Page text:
The Bharatiya Janata Party (BJP) leadership has expressed its confidence that the party will be able to form the next government in Meghalaya. Although it is unlikely that the party would get a clear majority on its own in the House, it hopes to arrive at the magical figure by cobbling together a post-poll alliance with regional players such as National People’s Party (NPP).
Feeling the heat, the Congress has unleashed a highly communal campaign with its leaders exploiting the Church machinery to its hilt. A host of Christian politicians from other states have descended on Meghalaya to give a boost to the party’s campaign. Certain churches have issued pastoral letters asking believers not to support ‘devil’s party BJP’. It also sought to create a fear psychosis among Christians about BJP. A government official told indusscrolls.com that he had recently warned a pastor against “mixing religion with politics” after he gave a political sermon in a church.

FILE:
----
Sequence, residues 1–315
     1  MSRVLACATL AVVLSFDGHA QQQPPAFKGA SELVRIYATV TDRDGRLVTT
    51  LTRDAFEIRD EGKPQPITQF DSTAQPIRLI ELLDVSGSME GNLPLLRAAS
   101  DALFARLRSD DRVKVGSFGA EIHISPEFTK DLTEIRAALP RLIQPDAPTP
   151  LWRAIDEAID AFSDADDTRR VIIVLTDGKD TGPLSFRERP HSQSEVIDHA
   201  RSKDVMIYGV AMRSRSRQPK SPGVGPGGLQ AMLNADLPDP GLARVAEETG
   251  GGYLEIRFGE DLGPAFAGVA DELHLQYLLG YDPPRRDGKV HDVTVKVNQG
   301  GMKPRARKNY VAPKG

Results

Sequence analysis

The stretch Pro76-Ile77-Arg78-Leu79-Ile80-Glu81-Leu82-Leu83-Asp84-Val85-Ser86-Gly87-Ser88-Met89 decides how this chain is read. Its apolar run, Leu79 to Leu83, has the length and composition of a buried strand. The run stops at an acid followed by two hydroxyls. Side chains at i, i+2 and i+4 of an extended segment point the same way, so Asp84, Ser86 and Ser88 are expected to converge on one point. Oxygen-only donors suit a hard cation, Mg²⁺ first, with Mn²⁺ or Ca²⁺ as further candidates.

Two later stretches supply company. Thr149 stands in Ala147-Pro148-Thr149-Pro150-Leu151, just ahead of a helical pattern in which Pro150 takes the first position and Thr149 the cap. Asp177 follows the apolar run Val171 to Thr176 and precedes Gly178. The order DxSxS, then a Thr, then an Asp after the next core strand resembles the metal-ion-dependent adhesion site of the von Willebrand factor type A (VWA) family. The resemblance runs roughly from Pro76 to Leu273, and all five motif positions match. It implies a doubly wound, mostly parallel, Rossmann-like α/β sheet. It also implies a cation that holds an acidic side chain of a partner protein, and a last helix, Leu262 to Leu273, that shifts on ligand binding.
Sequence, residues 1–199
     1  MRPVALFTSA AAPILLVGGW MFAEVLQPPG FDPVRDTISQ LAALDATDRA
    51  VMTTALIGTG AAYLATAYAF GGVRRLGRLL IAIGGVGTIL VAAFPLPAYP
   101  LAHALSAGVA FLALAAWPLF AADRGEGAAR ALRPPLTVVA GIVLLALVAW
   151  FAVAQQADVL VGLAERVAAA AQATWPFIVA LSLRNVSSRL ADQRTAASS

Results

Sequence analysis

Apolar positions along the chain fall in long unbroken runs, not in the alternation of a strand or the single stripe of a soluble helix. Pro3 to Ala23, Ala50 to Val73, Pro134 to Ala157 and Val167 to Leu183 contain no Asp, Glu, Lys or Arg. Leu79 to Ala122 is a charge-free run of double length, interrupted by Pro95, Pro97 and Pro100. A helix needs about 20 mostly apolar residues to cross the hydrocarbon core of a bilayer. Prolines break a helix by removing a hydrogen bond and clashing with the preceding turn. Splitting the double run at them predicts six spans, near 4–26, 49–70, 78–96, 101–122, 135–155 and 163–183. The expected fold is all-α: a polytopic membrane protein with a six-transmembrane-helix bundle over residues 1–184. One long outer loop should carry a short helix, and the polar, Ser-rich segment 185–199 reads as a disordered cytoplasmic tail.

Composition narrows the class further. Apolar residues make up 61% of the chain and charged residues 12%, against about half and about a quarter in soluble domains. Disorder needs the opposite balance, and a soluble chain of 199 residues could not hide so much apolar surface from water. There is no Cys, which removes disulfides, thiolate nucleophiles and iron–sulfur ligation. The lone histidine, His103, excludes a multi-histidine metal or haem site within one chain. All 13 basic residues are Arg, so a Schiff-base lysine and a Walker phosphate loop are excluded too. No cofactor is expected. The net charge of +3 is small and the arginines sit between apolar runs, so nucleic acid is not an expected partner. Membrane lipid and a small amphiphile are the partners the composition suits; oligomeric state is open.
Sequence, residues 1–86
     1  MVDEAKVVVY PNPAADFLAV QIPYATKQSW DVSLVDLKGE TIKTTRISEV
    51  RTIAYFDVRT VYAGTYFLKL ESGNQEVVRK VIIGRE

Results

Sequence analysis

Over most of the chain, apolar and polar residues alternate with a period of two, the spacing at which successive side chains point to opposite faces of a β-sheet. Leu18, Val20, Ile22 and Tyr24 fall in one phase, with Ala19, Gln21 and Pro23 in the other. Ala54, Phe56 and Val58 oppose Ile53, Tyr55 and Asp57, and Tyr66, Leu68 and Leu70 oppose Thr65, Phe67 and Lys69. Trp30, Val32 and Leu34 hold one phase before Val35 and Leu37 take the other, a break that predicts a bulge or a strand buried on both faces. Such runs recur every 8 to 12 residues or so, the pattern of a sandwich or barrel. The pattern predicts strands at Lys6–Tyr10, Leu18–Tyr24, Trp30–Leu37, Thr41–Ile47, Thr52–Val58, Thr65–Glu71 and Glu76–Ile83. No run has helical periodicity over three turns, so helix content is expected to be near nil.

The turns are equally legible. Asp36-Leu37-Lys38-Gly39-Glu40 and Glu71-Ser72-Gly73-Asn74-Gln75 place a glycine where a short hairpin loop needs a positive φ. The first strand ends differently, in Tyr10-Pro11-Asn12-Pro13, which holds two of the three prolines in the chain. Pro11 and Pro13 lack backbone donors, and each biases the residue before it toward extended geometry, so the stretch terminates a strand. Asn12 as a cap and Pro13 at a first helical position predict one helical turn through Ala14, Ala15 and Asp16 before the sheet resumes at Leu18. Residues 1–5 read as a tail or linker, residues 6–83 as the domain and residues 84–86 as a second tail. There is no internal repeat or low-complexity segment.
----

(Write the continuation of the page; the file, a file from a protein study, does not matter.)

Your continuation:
Senior Congress leaders, who often give sermons on secularism on national TV channels, were also found issuing statements using Biblical allusions and parallels to subtly communalise the atmosphere. The Congress has termed the political parties supporting BJP as “Judas in operation”. AICC national spokesperson Tom Vadakkan said, “Parties supporting the BJP, tacitly or otherwise, have sold their souls and now their bodies are on sale. These are the people who have compromised with the devil because of power. Meghalaya is now the testing ground for what will happen in future. If Meghalaya surrenders, the whole country will surrender.”
Others who have campaigned for Congress include former Kerala Chief Minister Oommen Chandy and former minister KC Joseph from Kerala.
The Congress, which has been facing strong anti-incumbency, has focused on communal issues, as it realizes that it cannot stand on its performance. The issues it raised are – denial of visa to some foreign missionaries and beef ban. Incidentally, there is no ban on cow slaughter or beef consumption in the state.